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Types of Stains

123 Ziehl-Neelsen Stain
123 Ziehl-Neelsen Stain

The Ziehl-Neelsen stain (ZN stain), also called the hot method of AFB staining, is a type of differential bacteriological stain used to identify acid-fast organisms, mainly Mycobacteria. Acid fast organisms are those which are capable of retaining the primary stain when treated with an acid (fast=holding capacity).

124 Haematoxylin and Eosin (H&E) Staining
124 Haematoxylin and Eosin (H&E) Staining

Hematoxylin and eosin stain or haematoxylin and eosin stain (H&E stain or HE stain) is one of the principal stains in histology. It is the most widely used stain in medical diagnosis and is often the gold standard (e.g. when a pathologist looks at a biopsy of a suspected cancer, the histological section is likely to be stained with H&E).

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128 Romanowsky Stains
128 Romanowsky Stains

During myelopoiesis in the bone marrow, the first granules form at about the promyelocyte stage, stain blue with a Wright or Romanowsky stain, and are called primary or azurophilic granules (Chapter 2). Their formation ceases at the myelocyte stage and the formed primary granules are distributed among the daughter cells. These primary granules ...

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Endospore Staining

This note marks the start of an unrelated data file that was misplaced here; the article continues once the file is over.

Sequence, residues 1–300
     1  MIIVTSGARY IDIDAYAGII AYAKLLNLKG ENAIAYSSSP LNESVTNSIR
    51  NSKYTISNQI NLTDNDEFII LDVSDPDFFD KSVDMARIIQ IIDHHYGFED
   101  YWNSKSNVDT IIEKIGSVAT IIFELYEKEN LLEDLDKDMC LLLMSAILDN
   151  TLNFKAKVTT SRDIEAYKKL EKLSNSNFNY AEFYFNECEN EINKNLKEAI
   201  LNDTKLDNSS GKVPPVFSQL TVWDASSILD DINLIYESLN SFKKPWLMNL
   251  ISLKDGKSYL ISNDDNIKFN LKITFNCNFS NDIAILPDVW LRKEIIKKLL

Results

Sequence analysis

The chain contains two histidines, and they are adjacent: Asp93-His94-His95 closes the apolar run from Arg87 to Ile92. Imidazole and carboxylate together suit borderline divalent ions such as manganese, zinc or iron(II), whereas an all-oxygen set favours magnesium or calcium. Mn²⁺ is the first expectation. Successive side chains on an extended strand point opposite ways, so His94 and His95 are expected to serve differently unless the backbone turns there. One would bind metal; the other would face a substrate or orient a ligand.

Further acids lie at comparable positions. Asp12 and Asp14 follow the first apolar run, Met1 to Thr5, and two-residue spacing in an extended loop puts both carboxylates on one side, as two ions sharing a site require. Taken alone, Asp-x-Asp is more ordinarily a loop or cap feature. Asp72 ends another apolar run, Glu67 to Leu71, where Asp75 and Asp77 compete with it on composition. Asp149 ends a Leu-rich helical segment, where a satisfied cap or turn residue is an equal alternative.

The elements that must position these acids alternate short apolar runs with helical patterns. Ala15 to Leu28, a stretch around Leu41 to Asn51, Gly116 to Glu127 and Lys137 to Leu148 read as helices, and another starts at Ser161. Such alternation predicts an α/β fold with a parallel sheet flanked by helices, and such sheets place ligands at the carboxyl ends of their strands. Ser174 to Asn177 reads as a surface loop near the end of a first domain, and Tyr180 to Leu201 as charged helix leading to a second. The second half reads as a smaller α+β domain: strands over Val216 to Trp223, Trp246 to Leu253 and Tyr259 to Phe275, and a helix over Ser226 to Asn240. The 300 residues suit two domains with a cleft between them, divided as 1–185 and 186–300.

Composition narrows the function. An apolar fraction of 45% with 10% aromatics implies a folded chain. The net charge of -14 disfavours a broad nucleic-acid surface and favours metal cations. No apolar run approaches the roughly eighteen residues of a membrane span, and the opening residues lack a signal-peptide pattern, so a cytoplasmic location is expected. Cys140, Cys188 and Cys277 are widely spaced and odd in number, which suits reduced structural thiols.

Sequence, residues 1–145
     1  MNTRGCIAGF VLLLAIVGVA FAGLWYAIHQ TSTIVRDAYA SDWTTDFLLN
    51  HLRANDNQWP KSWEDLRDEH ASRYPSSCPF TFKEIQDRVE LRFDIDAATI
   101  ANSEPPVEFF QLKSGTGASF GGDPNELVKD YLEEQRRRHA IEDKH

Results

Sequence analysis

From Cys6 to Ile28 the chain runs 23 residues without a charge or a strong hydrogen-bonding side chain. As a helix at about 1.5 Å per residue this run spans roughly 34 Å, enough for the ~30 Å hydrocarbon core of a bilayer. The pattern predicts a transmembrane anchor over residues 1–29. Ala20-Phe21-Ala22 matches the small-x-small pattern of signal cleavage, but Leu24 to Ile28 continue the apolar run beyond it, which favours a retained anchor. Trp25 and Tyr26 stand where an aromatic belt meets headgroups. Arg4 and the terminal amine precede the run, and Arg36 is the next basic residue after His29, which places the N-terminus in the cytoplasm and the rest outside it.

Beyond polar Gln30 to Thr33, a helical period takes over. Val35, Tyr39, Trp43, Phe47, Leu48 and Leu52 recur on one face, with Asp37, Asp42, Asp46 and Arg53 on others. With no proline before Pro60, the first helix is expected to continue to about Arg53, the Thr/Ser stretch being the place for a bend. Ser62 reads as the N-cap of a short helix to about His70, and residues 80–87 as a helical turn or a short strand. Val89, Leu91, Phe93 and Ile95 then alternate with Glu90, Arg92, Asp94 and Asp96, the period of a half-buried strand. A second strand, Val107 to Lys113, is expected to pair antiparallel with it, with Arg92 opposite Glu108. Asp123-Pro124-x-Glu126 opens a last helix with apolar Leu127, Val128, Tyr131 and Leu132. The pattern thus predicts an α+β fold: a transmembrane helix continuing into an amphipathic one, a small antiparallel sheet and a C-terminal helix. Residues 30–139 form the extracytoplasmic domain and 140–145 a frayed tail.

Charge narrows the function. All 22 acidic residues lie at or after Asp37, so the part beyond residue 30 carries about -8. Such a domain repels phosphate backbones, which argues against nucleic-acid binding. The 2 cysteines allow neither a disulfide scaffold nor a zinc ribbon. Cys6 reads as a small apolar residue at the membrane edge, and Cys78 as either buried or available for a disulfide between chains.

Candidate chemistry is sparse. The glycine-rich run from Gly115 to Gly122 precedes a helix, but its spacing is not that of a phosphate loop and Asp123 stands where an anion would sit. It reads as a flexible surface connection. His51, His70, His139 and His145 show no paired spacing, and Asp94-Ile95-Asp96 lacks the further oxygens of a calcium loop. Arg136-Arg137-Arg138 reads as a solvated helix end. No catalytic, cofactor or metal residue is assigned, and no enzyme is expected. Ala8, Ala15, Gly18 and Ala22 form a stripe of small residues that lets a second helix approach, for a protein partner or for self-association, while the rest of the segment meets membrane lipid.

Endospore Staining

Endospore Staining is a technique used in bacteriology to identify the presence of endospores in a bacterial sample, which can be useful for classifying bacteria. Within bacteria, endospores are protective structures used to survive extreme conditions, but this protective nature makes them difficult to stain using normal techniques such as simple staining and Gram staining.

Gram Staining
Gram Staining

Gram staining is a common technique used to differentiate two large groups of bacteria based on their different cell wall constituents. The Gram stain procedure distinguishes between Gram positive and Gram negative groups by coloring these cells red or violet.

Masson's Trichrome
Masson's Trichrome

Masson's trichrome is a three-colour staining protocol used in histology.The recipes evolved from Claude L. Pierre Masson's (1880–1959) original formulation have different specific applications, but all are suited for distinguishing cells from surrounding connective tissue.

Papanicolaou Staining
Papanicolaou Staining

Papanicolaou stain (also Papanicolaou’s stain or PAP stain) is the most important stain utilized in the practice of Cytopathology. It is a polychromatic stain containing multiple dyes to differentially stain various components of the cells.

PAS Staining
PAS Staining

PAS diastase stain (PAS-D) is PAS stain used in combination with diastase, an enzyme that breaks down glycogen. Alcian blue/periodic acid–Schiff (AB/PAS or AB-PAS) uses alcian blue before the PAS step.

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